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When a minority shareholder decides on the management board composition – a case study


2 July 2018

Wojciech Paryś

Shareholders who want to establish a limited liability company (Polish: sp. z o.o.) often want to secure a good position already at the time of drafting the articles of association. This can be achieved by granting special shareholding or personal rights to shareholders. Well drafted articles of association may help the company survive disputes among shareholders, while poorly drafted articles may lead to long and devastating litigations. Moreover, overprotection of a shareholder's interests may make certain provisions of articles of association invalid.

One of the fundamental rights of shareholders in a limited liability company is the right to adopt resolutions on the management board composition. According to the statute, the management board is appointed by a resolution of the meeting of shareholders. Such resolutions require a simple majority of votes and usually one share gives one vote at the meeting of shareholders. This means that a minority shareholder may generally always be outvoted (this is the essence of a limited liability company which is based on equity), unless the articles of association stipulate otherwise.

Special right of a shareholder to appoint and remove a management board member 

We have recently looked into implications of the articles of association of X sp. z o.o. ("company X") containing the following provisions:

Article 1 Every shareholder holding at least 10% share in the share capital may appoint one management board member and if the shareholder is a natural person he may appoint himself.
Article 2 The management board member appointed pursuant to Article 1 may be removed only by the shareholder who appointed him.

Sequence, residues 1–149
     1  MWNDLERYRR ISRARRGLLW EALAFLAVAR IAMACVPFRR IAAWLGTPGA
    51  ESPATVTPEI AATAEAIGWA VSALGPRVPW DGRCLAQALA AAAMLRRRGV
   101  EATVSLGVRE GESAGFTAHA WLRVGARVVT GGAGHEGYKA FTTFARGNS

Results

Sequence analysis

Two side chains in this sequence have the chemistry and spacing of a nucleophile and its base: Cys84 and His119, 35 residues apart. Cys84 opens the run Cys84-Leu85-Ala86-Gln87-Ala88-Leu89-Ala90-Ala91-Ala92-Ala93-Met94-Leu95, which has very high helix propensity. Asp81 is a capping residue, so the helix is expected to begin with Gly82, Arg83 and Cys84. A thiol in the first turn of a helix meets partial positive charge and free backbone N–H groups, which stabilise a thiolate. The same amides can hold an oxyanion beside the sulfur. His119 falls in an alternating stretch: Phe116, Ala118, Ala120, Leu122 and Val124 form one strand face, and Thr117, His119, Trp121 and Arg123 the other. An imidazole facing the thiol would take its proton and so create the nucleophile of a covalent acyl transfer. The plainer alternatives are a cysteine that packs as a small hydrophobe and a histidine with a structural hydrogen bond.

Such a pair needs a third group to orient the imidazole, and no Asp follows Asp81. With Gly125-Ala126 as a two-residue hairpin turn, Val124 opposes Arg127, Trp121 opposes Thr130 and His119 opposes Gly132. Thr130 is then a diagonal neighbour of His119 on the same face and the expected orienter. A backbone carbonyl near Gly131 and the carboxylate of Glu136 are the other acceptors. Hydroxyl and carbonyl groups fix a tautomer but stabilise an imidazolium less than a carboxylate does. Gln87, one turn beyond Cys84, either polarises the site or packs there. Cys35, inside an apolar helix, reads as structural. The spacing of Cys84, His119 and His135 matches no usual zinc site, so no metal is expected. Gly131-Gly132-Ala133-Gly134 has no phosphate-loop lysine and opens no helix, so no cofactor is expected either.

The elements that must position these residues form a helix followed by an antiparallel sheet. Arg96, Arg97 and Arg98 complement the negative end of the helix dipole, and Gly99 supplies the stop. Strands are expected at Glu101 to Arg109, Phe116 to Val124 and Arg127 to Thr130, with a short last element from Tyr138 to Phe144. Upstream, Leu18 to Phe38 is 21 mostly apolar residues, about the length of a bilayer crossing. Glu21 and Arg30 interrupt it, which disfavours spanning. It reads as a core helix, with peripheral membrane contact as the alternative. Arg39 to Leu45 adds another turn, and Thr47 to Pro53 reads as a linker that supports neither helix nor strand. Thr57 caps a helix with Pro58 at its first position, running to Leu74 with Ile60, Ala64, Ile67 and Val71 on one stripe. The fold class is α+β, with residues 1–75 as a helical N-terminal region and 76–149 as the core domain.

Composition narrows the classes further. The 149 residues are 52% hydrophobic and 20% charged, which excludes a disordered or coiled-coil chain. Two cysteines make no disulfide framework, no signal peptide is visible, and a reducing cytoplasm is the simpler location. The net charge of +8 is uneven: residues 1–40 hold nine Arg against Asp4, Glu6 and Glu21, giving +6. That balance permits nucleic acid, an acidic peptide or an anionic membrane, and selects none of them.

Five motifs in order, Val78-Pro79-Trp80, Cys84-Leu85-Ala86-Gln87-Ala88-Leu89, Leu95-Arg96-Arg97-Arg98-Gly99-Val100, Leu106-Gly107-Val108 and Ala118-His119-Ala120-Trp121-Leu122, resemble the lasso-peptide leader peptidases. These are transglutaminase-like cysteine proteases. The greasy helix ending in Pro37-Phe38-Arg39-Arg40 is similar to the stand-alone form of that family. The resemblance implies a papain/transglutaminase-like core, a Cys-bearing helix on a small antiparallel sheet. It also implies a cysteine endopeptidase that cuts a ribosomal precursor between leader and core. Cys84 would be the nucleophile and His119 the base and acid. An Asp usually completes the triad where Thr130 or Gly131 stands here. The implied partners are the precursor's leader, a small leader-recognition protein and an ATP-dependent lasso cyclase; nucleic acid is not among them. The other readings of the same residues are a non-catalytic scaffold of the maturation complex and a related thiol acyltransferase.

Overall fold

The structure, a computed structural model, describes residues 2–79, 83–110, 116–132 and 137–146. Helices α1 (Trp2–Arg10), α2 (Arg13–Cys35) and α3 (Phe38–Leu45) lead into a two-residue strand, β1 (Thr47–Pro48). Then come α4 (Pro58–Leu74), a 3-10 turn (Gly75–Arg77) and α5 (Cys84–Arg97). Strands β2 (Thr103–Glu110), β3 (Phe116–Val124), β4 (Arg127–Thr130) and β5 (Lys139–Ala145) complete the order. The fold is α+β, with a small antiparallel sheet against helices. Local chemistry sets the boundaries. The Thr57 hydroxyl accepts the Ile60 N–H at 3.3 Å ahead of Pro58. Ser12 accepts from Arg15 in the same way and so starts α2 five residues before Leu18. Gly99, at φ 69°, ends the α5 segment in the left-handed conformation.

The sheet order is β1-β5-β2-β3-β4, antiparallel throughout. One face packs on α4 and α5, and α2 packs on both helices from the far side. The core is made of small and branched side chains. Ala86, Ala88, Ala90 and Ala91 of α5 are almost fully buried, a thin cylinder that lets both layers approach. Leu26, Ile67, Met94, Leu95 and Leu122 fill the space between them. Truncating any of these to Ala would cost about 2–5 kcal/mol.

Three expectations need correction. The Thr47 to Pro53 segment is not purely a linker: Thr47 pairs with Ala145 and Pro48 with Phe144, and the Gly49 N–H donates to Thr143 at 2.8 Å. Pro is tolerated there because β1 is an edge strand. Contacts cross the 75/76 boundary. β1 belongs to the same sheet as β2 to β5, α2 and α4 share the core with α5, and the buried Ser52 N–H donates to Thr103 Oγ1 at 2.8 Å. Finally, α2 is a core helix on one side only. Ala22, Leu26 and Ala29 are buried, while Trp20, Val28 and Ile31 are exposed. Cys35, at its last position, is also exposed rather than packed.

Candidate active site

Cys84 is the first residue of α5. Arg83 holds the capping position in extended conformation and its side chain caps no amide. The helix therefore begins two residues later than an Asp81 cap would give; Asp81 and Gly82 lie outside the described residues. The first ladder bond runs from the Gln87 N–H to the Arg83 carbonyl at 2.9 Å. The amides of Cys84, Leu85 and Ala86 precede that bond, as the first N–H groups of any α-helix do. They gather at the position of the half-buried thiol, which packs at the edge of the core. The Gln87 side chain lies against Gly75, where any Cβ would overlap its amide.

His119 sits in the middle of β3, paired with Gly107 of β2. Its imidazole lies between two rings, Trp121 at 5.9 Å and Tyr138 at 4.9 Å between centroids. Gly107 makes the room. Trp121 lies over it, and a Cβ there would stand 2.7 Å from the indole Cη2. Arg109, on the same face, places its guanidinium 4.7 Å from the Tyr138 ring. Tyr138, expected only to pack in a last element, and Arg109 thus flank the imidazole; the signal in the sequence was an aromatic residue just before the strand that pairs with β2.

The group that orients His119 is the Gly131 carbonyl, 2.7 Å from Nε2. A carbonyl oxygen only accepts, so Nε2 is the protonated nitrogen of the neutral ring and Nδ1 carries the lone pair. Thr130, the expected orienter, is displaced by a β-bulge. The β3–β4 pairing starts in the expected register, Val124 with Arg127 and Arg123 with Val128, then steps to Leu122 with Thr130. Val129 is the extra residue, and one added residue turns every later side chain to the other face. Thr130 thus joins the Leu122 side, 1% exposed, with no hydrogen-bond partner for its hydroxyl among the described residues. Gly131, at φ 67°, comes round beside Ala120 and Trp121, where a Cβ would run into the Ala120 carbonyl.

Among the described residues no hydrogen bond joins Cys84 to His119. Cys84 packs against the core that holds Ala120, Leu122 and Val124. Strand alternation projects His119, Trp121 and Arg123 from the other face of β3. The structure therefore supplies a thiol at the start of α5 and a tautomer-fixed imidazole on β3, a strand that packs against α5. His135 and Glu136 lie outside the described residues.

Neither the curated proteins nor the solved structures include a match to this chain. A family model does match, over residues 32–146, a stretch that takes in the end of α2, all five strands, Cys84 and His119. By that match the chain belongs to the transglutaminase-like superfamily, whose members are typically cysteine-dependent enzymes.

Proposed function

Article 3 Article 203(1) of the Code of Commercial Companies is excluded. (a management board member may be removed at any time by a shareholders' resolutions).

The company had two shareholders: one held 10% and the other held 90% of shares. The majority shareholder wanted to know if the management board member appointed by the minority shareholder could be somehow removed.

In the first place, we have wondered about the effectiveness of Article 3 of the articles of association which excludes the right of the meeting of shareholders to remove management board members.  This issue is currently debated – some commentators and courts claim that the meeting of shareholders' right to remove board members cannot be excluded. Opponents claim that the exclusion is effective. It is important to note that even if we choose the concept that favours the majority shareholder (saying that despite the articles of association the majority shareholder may remove a management board member at the meeting of shareholders), this does not exclude the minority shareholder's right to appoint him again. Therefore, company X faced a deadlock where the majority shareholder could resolve by majority to remove a management board member appointed by the other shareholder, but the latter could appoint him again.

Amendments to articles of association and the undermining of shareholding rights

In our case the majority shareholder began to consider amending the articles of association to put him in a position adequate for his share – to be able to e.g. appoint management board members The articles of association did not include any special rules for amending the articles, so the 2/3 majority of votes cast at a meeting of shareholders would normally suffice – as a reminder, the majority shareholder had 90% of votes. Therefore, the amendment of the articles of association seemed a viable and simple option. However, the lawmakers who formulated the Code of Commercial Companies anticipated such a situation in which the majority shareholder would try to deprive other shareholders of their rights under the articles of association by modifying the articles. As such an amendment to the articles would undermine the shareholding rights, it required the consent of all shareholders whose rights would be undermined – including the minority shareholder who held only 10% of shares.